Innovate, find new solutions and germinate original ideas: this is a necessity for any company that wishes to meet the needs of its customers and improve its products or services.
While it is important to spot the problems faced by the users of your products, the generation of relevant and innovative ideas to solve them is equally important.
For this, there are multiple manners of creativity, of which we offer a non-exhaustive sampling.
It is certainly the most famous technique of creativity. It consists of bringing together a group of people who will each share their ideas on a subject, without receiving any criticism or judgment from the others.
For brainstorming to be successful, it is important that participants completely “break free” and bounce off other people’s ideas to come up with even better ones.
A method of creativity similar to brainstorming, brainwriting involves participants writing down their ideas rather than speaking them.
After a few minutes, each passes their piece of paper to their neighbor, who develops ideas from those written down, and so on.
3) The Brainwalk
The idea of the brain walk is similar to that of brainwriting, except that participants do not pass slips of paper to their neighbor; instead, they move around the room themselves.
The aim is to move from one “idea generation station” to another, drawing inspiration from other participants to stimulate one’s creativity.
4) The Worst Possible Idea
A kind of reverse brainstorming, this creativity technique invites participants to voluntarily express “the worst possible idea” on a subject.
This method has the particular interest of disinhibiting the group, which does not run the risk of self-censorship since the exercise aims to make “bad” proposals.
What is better, it makes it possible to fast identify and eliminate the most harmful ideas, forgetting to bring out the pearls of the invention.
5) The Sketchstorm
You guessed it, this creative method relies on drawing. But rest assured, you don’t have to be an artist to use it: on the contrary, sketches should be as simple and basic as possible.
The interest is that visual representations have the power to stimulate the imagination a little more than words.
What’s more, a drawing can allow you to express a concept that you can’t quite put into words.
6) Mind Mapping
Mind mapping is another graphical presentation technique to encourage creativity.
It consists of building a kind of tree in which:
The main subject is in the center;
Subject-related ideas are branches and sub-branches that are connected to the subject.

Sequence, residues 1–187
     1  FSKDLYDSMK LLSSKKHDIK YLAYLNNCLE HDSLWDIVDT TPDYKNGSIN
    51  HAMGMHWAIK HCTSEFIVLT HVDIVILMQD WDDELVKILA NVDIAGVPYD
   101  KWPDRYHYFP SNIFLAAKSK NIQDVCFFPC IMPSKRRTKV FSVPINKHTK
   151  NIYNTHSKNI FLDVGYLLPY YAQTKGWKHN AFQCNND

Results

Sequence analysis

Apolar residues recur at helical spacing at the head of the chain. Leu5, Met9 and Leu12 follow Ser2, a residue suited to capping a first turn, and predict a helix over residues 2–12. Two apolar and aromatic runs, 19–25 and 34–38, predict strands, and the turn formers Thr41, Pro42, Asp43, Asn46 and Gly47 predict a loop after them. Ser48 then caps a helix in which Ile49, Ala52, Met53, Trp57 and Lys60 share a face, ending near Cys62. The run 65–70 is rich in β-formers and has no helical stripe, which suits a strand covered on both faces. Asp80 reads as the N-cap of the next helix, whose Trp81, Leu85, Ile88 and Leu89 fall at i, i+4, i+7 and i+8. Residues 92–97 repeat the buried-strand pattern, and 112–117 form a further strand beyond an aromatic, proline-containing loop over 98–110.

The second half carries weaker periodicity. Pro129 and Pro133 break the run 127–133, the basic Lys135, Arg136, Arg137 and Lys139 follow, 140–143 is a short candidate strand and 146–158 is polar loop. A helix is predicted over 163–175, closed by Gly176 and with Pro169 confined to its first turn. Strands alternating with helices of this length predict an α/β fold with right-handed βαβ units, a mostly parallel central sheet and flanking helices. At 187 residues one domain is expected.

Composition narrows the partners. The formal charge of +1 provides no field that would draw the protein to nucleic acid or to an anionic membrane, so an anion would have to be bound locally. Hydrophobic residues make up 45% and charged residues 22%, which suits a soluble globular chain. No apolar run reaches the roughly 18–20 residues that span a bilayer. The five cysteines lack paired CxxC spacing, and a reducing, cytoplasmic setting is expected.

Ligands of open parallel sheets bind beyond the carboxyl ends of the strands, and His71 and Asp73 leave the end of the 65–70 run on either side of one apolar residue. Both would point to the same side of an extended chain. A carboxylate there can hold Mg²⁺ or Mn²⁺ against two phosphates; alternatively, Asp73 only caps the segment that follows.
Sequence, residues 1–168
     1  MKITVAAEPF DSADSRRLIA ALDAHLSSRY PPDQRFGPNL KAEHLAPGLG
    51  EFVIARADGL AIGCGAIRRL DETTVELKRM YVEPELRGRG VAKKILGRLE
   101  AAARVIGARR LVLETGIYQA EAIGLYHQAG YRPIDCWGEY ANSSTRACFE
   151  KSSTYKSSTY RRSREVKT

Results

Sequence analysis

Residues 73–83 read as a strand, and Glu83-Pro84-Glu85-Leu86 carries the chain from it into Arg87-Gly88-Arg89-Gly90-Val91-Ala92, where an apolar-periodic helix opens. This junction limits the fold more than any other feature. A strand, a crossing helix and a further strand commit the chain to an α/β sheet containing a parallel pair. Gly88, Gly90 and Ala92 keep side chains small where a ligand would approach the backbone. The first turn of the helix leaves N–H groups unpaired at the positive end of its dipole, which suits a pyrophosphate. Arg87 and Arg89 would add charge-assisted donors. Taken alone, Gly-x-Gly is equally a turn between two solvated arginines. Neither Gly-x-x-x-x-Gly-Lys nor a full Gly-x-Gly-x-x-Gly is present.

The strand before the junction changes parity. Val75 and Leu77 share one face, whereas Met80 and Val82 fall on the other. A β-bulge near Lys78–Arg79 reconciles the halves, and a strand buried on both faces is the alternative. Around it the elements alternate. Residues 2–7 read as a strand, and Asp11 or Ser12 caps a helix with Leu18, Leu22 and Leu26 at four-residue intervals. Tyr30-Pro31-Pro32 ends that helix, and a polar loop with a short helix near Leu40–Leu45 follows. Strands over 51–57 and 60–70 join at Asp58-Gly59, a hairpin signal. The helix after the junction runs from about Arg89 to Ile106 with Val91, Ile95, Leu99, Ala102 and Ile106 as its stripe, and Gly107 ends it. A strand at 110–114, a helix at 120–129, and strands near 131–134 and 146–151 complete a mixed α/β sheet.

This visualization tool, a priori fairly simple, is very useful for “mapping” ideas and better understanding the place they occupy.
There are also very good tools to create mind maps online.
7) The Bodystorm
Let’s continue in the tradition of “storms” with the body storm, which puts the participants directly into action.
Concretely, these are scenarios during which we put ourselves in the shoes of users and customers confronted with a problem that we are trying to solve.
By being rebuilding the action and being at the soul of the situation, it can be easier to develop ideas and therefore potential resolutions.
8) The Focus Group
The focus group consists of bringing together not members of the company, but consumers and users of your products to have direct feedback and ideas for improvement from them.
Led by one or more facilitators, the focus group is made up of 5 to 10 people to whom a certain number of questions will be asked.
Please note: this is not an interrogation, the objective is to establish a real dialogue, fluid, and frank while following a “guide” planned. Everything is fully recorded, even filmed, to be analyzed afterward.
Gamestorming encompasses a variety of techniques for generating ideas and solving problems that are intentionally presented in the form of games.
Indeed, the game has the advantage of increasing investment, energy, and teamwork among the participants. Among the main game storming techniques, we can mention:
The anti-problem: the idea of this game is to “turn around” the problem that we are trying to solve. The participants then look for solutions to the “anti-problem”, which brings up ideas related to the real problem;
The “Fishbowl”: consists of forming two circles with the participants, a small one and a large one which surrounds the first. Small circle members brainstorm and trade ideas, while large circle members silently monitor and take notes;
The campfire: the principle of this game is to encourage the participants to tell a story, like around a campfire. To start, highlight between 10 and 20 post-its on which you will have entered keywords (which you will have determined following a brainstorming, for example).
Each party must take turns picking up a post-it (or creating one himself if an idea occurs to him), attach it on another dedicated surface (which will constitute the “thread of the story”), and tell a story related to this keyword.
There is of course an assembly of other games, this list living far from exhaustive.
10) The Six Hats
This approach is based on 6 additional ways of thinking expressed by hats:
The white hat: neutrality. We do not take sides and we are satisfied with facts and figures;
The yellow hat: optimism. We make positive comments, we project ourselves with the ideas of others;
The green hat: creativity. We are looking for new ideas and solutions, not hesitating to take liberties;
The black hat: pessimism. We are cautious, even alarmist, and sensitive to risks and dangers;
The red hat: emotion. We react “hot”, from feelings and intuitions;
The blue hat: the organization. We channel ideas with discipline. This is the hat for the exercise facilitator.
The idea is, for each participant, to alternate between the different hats to think differently, thus generating more new ideas.